The book’s central argument is that the country’s unequal social and economic order is accepted by most Brazilians. This, the book suggests, may partly explain the relative absence of political violence.

The author, who is also affiliated with the University of Warwick Institute for Employment Research, summarizes his analysis in the seventh and final chapter, which focuses on concepts of justice and perceptions of inequalities. Cardoso concludes that the persistence of inequality in Brazil, “although perfectly visible to Brazilians…is seen as legitimate by the immense majority of them and, especially, by the poorest.” The conclusion may shock foreigners but is widely accepted by Brazilians themselves.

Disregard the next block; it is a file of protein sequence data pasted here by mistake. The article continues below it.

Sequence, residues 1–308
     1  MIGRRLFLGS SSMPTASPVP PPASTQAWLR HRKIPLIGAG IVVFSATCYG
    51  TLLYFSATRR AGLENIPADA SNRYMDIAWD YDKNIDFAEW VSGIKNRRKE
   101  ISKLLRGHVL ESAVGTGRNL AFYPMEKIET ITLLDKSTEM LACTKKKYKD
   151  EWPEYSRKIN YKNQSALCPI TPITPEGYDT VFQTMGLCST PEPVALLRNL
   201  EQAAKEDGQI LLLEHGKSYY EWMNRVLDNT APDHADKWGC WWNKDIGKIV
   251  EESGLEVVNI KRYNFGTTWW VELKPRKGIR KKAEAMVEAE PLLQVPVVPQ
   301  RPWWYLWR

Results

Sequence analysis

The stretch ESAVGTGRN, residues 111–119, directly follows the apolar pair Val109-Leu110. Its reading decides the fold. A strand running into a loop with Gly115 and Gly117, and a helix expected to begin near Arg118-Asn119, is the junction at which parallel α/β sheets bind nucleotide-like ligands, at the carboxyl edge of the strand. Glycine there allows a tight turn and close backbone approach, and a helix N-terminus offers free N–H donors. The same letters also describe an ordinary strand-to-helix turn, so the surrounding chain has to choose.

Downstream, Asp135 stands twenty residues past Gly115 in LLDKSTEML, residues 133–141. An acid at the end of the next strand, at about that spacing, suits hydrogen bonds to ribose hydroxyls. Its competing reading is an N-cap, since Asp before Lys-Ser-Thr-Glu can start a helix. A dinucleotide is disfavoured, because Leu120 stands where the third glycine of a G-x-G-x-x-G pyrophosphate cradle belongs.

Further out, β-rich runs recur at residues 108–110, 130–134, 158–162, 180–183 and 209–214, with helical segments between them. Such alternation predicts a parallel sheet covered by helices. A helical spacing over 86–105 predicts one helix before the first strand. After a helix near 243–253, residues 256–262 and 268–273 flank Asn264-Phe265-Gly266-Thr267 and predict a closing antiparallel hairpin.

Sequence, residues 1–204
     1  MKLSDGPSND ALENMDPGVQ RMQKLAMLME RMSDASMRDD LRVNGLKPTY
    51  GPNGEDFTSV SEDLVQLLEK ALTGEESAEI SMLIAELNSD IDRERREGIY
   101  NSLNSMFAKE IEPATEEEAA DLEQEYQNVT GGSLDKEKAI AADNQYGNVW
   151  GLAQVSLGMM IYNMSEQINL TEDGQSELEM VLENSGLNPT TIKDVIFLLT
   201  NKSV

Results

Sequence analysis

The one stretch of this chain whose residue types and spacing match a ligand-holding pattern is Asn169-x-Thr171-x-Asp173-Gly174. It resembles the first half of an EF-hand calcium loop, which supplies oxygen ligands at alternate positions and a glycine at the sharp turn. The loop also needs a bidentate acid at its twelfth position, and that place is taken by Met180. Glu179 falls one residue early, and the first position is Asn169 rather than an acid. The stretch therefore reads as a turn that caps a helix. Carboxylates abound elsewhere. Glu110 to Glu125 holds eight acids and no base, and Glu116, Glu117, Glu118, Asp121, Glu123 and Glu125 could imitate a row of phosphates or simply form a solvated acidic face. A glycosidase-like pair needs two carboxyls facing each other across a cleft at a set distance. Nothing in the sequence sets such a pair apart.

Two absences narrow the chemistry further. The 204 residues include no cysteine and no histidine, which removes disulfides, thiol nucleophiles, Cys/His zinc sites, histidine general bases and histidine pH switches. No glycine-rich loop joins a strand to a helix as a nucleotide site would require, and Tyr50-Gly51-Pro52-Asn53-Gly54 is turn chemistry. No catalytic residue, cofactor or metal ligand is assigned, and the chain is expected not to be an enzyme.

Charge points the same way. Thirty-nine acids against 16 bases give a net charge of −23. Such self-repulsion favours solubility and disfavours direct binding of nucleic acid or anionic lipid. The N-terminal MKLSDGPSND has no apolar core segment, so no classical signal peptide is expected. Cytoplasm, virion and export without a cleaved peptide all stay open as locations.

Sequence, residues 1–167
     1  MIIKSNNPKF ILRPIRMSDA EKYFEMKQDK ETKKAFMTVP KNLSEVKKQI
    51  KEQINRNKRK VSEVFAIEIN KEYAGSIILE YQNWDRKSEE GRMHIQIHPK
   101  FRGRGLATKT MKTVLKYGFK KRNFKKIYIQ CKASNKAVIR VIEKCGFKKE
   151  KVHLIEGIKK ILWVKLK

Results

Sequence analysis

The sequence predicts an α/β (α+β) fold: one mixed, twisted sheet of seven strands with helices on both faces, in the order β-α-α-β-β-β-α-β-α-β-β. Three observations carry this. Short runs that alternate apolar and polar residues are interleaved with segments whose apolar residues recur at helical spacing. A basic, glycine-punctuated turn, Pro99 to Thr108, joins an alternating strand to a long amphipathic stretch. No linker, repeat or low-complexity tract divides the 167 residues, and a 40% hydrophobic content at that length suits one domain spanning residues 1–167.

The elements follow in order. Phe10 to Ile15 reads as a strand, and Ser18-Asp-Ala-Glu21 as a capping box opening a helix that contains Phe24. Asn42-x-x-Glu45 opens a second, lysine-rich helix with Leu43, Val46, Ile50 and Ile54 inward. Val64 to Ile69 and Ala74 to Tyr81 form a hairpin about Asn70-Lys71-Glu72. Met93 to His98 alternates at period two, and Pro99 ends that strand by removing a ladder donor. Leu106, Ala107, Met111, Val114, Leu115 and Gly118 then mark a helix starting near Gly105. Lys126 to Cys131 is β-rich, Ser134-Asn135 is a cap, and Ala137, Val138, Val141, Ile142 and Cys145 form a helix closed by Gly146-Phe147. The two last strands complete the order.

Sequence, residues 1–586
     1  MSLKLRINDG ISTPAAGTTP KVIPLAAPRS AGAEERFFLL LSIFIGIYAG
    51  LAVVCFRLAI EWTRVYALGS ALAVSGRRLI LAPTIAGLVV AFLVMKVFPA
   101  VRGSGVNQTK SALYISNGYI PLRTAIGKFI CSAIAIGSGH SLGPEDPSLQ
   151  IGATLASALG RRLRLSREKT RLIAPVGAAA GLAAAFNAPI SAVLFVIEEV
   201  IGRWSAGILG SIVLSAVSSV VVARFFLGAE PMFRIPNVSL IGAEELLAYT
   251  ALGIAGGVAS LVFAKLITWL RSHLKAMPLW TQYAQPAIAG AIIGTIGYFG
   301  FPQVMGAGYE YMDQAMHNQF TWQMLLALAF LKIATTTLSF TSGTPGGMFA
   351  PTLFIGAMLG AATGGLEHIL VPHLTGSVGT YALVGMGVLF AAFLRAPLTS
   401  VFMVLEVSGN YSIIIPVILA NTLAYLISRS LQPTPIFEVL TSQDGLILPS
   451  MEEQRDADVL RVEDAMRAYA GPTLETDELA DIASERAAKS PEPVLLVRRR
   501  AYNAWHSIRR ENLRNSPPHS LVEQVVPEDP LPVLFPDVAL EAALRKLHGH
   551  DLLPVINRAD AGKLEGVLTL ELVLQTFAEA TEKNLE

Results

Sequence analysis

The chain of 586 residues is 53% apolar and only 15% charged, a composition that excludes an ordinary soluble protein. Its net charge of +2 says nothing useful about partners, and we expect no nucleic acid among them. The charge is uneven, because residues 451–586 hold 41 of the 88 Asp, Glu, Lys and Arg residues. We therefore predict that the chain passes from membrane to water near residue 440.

In earlier sections of the book, the author offers some equally shocking findings that lead him to declare that Brazil suffers from the absence of a “clear standard” that both rich and poor can use to make practical judgments about the fairness of the distribution of wealth and opportunities. His findings are based on an analysis of a 10-year, multicountry comparative survey by the International Social Survey Program (ISSP) that looks at concepts such as economic necessity and opportunity, capacity and merit, and social justice. He focuses on three cases: Sweden, a welfare state where poverty has been eliminated; Germany, which follows a more hierarchical and corporatist model in determining eligibility for positions in the social structure; and Poland, a country that is similar to Brazil in regard to its per capita income, period of democratization (1980s) and implementation of neoliberal economic reforms.